4. The enduring cliches of North Korea coverage (Reuters)

    A brief survey of North Korea news clips reveals a spate of clichés unremarked upon by Cockburn. Pyongyang reliably remains defiant; talks have resumed or been proposed, canceled, or stalled, while a U.S. envoy seeks to lure the North back to those talks to restart the dialog; North Korea is bluffing, blustering, or is engaging in brinksmanship; tensions are grim, rising, or growing—but rarely reduced, probably because when tensions go down it doesn’t qualify for coverage; North Korea seeks recognition, respect, or improved or restored relations, or to rejoin the international community, or increased ties to the West that will lead to understanding; deals with North Korea are sought; North Korea feels insulted and is isolated by but threatens the West; the Japanese consider the North Koreans “untrustworthy“; the West seeks positive signs or signals or messages in North Korean conduct but worries about its intentions; diplomats seek to resolve, solve, respond to, overcome, defuse, the brewing, serious, real crisis; the escalating confrontation remains dangerous; the stakes are high, but the standoff endures.

  5. Helicopter QE will never be reversed (UK Telegraph)

    Today’s QE relies on pushing down borrowing costs. It is “creditism”. That is a very blunt tool in a deleveraging bust when nobody wants to borrow.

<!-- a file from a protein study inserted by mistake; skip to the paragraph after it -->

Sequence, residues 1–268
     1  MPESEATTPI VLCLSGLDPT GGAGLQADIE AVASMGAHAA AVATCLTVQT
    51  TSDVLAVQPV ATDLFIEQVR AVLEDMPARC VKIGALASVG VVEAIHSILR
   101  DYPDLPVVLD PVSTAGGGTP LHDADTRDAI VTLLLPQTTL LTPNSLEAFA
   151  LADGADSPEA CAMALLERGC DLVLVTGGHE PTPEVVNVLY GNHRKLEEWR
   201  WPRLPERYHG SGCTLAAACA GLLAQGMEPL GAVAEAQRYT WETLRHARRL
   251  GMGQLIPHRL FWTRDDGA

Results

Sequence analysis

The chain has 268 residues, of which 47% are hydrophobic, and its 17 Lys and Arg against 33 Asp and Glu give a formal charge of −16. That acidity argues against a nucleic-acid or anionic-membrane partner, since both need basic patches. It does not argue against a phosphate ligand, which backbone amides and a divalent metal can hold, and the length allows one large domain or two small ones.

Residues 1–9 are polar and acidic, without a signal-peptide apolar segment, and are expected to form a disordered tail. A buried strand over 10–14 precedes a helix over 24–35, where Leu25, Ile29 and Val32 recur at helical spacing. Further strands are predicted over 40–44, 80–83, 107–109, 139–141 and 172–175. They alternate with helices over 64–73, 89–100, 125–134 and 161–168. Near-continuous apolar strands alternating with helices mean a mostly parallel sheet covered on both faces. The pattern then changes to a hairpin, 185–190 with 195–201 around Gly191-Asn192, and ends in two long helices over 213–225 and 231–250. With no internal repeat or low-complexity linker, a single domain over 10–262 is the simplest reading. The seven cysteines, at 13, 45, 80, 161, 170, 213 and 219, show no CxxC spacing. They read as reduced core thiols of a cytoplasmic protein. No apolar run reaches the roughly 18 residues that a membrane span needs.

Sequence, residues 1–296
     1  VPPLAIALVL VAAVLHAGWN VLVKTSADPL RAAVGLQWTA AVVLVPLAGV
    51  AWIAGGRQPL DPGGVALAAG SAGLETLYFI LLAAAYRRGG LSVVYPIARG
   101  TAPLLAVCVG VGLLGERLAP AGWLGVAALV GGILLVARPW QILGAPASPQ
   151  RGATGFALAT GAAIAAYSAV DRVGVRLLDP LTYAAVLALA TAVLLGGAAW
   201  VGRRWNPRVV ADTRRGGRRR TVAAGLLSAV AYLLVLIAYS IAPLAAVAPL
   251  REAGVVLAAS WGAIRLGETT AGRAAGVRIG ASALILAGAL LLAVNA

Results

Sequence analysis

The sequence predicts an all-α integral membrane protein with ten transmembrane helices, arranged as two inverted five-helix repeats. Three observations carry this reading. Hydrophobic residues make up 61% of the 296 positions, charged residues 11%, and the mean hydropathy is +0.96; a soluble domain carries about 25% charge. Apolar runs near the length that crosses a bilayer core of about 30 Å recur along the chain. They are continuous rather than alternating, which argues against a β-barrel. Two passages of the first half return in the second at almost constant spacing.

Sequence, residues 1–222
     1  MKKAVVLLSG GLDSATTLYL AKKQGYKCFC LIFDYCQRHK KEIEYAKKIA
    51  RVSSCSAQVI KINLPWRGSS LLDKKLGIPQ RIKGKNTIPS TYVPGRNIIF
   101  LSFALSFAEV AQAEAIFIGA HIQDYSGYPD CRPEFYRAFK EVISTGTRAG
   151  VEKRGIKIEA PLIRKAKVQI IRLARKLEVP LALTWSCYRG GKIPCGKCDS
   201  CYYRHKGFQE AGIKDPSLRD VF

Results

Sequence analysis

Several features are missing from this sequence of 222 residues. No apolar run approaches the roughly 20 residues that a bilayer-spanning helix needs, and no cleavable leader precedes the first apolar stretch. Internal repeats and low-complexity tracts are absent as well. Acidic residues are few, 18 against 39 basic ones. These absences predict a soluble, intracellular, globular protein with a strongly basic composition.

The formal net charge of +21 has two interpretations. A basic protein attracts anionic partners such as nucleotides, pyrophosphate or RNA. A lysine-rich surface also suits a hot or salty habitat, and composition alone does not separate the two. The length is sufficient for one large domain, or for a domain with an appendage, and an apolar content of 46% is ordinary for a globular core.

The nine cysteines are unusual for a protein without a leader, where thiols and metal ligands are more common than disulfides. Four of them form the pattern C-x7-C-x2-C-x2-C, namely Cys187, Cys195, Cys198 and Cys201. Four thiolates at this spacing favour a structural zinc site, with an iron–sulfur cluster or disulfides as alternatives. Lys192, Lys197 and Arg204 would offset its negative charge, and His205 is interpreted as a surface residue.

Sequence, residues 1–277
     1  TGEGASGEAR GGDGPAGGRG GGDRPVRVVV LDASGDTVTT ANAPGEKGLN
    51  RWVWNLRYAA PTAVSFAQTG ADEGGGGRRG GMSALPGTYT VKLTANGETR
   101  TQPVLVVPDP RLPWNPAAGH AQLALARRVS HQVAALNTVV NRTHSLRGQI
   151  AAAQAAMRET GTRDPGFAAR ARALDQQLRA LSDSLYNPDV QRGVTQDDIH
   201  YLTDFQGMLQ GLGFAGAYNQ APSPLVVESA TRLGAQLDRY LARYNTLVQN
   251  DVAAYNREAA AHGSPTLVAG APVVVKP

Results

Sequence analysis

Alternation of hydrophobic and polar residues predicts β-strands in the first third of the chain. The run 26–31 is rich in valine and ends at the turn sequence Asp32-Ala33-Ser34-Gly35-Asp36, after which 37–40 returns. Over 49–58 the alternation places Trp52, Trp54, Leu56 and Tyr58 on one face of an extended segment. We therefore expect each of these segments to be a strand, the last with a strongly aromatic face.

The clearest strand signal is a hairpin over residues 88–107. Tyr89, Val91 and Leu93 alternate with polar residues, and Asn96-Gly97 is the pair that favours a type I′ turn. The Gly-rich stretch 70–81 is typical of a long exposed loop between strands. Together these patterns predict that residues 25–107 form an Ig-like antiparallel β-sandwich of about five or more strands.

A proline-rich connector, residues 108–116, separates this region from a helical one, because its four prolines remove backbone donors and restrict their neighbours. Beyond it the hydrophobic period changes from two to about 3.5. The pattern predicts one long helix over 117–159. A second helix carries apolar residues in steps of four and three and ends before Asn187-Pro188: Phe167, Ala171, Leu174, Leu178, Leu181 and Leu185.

Lord Turner says the current policy has become dangerous, yielding ever less returns, with ever worsening side-effects. It would be better for central banks to put the money into railways, bridges, clean energy, smart grids, or whatever does most to regenerate the economy.

    The policy can be “wrapped” in such a way as to preserve central bank independence. The Fed or the Bank of England would decide when enough is enough, or what the proper pace should be, just as they calibrate every tool. That at least is the argument. I merely report it.

    Lord Turner knows this breaks the ultimate taboo, and that taboos evolve for sound anthropological reasons, but he invokes the doctrine of the lesser evil. “The danger in this environment is that if we deny ourselves this option, people will find other ways of dealing with deflation, and that would be worse.”

    A breakdown of the global trading system might be one, armed conquest or Fascism may be others – or all together, as in the 1930s.

    There were two extreme episodes of money printing in the inter-war years. The Reichsbank’s financing of Weimar deficits from 1922 to 1924 – like lesser variants in France, Belgium and Poland – is well known. The result was hyperinflation. Clever people made hay. The slow-witted – or the patriotic – lost their savings. It was a poisonous dichotomy.

    Less known is the spectacular success of Takahashi Korekiyo in Japan in the very different circumstances of the early 1930s. He fired a double-barreled blast of monetary and fiscal stimulus together, helped greatly by a 40pc fall in the yen.

    The Bank of Japan was ordered to fund the public works programme of the government. Within two years, Japan was booming again, the first major country to break free of the Great Depression. Within three years, surging tax revenues allowed Mr Korekiyo to balance the budget. It was magic.

    This is more or less the essence of “Abenomics”, the three-pronged attack on deflation by Japan’s new premier and Great Power revivalist Shinzo Abe.